Additionally an underarm holster can actually be concealed. While it will require an additional cover garment such as a button-up over shirt or some type of coat/blazer. This cover garment is mostly to conceal the harness as the holster itself is tucked away between the non-dominate arm and the torso. This blends the holster into the natural space of the body, obstructing the line of sight to it with the arm.
Another benefit of the holster placement is the ease of sitting and drawing while seated. Generally if you can move your arm across your chest while seated you will be able to reach the holster, especially in a car seat. Being seated in a car or chair for most of the day might benefit from the underarm carry since it keeps the holster in the profile of the body. This keeps it from being banged on things unless you're pushing your rib cage against those things (unlike strong side carry or other side belt methods).
Underarm allows for larger framed revolvers to be carried with relative ease. The barrel and bulk of the gun still fit in that side profile of the individual wearing the holster. This might require a more encompassing harness system attaching to the belt line but is still doable.
Cons of Underarm Carry
While the position offers a lot of concealment for a variety of handgun sizes there are a few draw backs. One of the less likely draw backs is falling on one's side. An unbraced fall might drive the gun into the side of the ribs, resulting in fractures to the ribs. Less likely than the dangers of small of the back carry but still a factor to be considered.
Other factors to consider is the weight distribution of the harness. The non-suspender type harnesses place the entire weight of the gun and spare ammunition on the shoulders. This can weigh you down, resulting in fatigue, poor posture, and back problems. This does depend on the weight of the gun and any spare magazines but the harness still does not transfer the weight down to your hips. This lack of weight transfer does not really apply when one is sitting but it is a factor if you are walking around.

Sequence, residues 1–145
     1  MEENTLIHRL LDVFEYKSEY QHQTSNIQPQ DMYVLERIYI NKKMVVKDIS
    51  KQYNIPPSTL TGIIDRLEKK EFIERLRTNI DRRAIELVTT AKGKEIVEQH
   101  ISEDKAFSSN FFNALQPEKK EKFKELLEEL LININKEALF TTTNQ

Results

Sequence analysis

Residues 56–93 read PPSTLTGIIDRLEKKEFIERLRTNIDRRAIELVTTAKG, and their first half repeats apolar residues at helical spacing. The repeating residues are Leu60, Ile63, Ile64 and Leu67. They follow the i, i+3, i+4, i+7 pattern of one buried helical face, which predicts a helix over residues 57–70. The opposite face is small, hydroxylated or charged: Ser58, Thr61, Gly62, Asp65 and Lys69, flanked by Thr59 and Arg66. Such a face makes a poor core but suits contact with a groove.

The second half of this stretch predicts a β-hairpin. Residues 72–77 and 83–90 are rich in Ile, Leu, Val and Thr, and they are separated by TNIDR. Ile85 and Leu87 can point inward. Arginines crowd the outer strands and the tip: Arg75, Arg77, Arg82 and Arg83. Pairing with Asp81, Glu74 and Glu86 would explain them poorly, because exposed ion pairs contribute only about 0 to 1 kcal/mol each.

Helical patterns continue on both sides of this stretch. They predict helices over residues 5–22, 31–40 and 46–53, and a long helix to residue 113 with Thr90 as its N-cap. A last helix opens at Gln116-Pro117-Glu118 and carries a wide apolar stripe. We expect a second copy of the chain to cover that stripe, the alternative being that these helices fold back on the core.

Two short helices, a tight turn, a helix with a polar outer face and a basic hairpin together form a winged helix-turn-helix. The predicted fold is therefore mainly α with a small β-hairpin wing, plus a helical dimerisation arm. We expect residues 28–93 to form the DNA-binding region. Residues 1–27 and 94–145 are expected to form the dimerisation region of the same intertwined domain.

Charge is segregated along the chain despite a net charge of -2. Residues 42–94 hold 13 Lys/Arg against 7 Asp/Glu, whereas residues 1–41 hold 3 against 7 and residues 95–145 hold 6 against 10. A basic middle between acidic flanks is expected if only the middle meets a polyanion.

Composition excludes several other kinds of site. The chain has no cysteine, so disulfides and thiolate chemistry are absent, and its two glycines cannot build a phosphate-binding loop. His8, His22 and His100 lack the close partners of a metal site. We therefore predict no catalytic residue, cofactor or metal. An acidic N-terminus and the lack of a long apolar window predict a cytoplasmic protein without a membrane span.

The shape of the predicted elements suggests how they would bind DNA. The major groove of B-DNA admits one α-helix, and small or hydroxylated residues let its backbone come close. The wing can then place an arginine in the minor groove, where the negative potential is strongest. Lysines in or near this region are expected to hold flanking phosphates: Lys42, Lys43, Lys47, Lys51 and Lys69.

Another draw back of the underarm holster is concealment. While it is concealable it will require a specific wardrobe for it to work. If you don't usually wear button-up shirts or coats it might draw attention to you or be unsuitable for your normal routine. This doesn't mean it's not a viable option but it has to fit the situation you will be using this method of carry.
One of the final draw backs is holster quality and maintenance. In regards to holster quality, some underarm holsters are attached to deep concealment shirts. The shirts have questionable retention and even more questionable release ability. They can lead to slower draws and are mostly for concealment for concealment's sake.
The other factor to consider is holster maintenance. Kydex and carbon fiber holsters are very easy to maintain. However most quality shoulder harnesses you are going to find are going to be leather. This is for a number of reasons. Most of these are comfort and wear resistance. But leather requires maintenance. Without proper care the leather can crack, warp, and otherwise change. This adds variables to the carry gear. It might still function in its warped or damaged state but it is compromised in its integrity.